"Strip" mining was new to Ohio County in the nineteen forties. Although there were a few "Strip Mines" in Hopkins County and other Western Kentucky Counties, Strip Mining was mostly an idea and not very practical. In this time frame, 20th Century Mines had a small Strip Mines in operation near Echols and there was a small Strip Mines in operation near McHenry. "Underground Mining" was the norm though, and most of the mines just did not consider mining the coal using the "Strip Mine" process. This process consist of moving all of the material (Overburden) from the top of the coal with a "Stripper" or other "Earth Moving" machines. Once the "Overburden" was removed, the coal would be loaded into large trucks with smaller versions of the "Stripper". These "Loaders" were similar in appearance to the "Strippers", but on a much smaller scale. The depth of the overburden that could be moved, by a stripper, depended on the ability of the "Stripper" to be able to find enough dumping room for the overburden. This ability was determined by the length of the boom. In the late forties and early fifties, there were not any huge strippers that could remove 100 Feet or so of overburden, simply because the stripper did not have the reach to pile the overburden one hundred feet high. Thus. Underground Mining was the most popular means of mining the coal. Some of the "Coal Reserves" at the Ken Mine was sitting under "Dirt and Rock" twenty to a hundred feet deep. Until massive "Strippers" could be built, most of the coal could not be mined by the "Strip Mine" process.

"Strippers" come in two basic forms, a "Shovel" and a "Dragline". About every miner has an opinion on which type of stripper is the best and that probably depends somewhat on the type and condition of the overburden to be removed. Peabody Coal Company had a large variation of each type stripper, with Ken Mine operating a "Shovel" in one pit and a "Dragline" in another pit. A "Shovel" uses the method where the digging mechanism (Shovel) is attached directly to the "Boom". The "Shovel" is stationed in the "Pit", and on top of the coal. It faces the highwall and removes the overburden "Head On". It normally sits on four separate "Tracks" that act as the driving mechanism to move the shovel. By the use of "Levers" the "Bucket" is moved into the overburden and raised allowing the "Dirt and Rocks" to be scooped up and then, the loaded bucket is swung around and the load is dumped on what is called the "Spoil" side. Ideally, this process continues seven days a week, twenty-four hours a day.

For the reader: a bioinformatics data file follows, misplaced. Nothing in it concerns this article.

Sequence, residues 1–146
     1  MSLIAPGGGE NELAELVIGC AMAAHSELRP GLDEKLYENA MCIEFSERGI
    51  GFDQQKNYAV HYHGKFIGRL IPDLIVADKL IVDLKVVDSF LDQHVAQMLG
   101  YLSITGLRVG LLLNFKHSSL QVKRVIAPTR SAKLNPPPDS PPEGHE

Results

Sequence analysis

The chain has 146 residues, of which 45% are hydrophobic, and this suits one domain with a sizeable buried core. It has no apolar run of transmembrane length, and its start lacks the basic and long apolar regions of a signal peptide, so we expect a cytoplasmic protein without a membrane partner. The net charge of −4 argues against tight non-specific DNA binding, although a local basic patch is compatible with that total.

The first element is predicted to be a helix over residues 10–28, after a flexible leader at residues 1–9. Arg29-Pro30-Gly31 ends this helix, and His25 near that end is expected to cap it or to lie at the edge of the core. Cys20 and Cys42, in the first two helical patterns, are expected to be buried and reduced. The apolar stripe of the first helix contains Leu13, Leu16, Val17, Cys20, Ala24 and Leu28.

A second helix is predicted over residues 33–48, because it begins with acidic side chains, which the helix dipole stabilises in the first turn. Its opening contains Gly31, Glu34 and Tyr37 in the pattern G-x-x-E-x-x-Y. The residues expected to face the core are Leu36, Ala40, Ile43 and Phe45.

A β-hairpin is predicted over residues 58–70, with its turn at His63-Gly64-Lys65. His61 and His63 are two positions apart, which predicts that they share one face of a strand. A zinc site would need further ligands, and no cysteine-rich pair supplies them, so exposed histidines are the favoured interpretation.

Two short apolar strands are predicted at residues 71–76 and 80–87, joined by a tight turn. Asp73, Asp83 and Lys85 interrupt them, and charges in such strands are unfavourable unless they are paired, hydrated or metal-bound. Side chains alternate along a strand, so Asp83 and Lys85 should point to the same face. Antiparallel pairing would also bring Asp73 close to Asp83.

"Draglines" are somewhat different than "Shovels". They have been in use for just about as long as there have been motors. A dragline sits on what is called a "Tub", and like the "Shovel", it must remain mostly level. To move a dragline, large "Pads" or "Feet" are extended from each corner and toward the direction of the move. A "Lifting" mechanism will raise the "Tub" a few inches off the ground and allow the machine to move forward. The "Dragline" operates above the pit and on top of the "Overburden". The "Bucket" is attached to the boom with cables that are used to raise, lower, pull and dump the loaded bucket. The "Boom" extends out from the overburden and the "Bucket" is lowered into the pit. The bucket is now pulled or "Dragged" toward the dragline, filling up with "Dirt and Rocks". Then the digging end of the "Bucket" is raised a little so as not to spill the contents. The entire "Bucket" is now raised and swung to the "Spoil" side and dumped. This process, ideally, continues 24/7.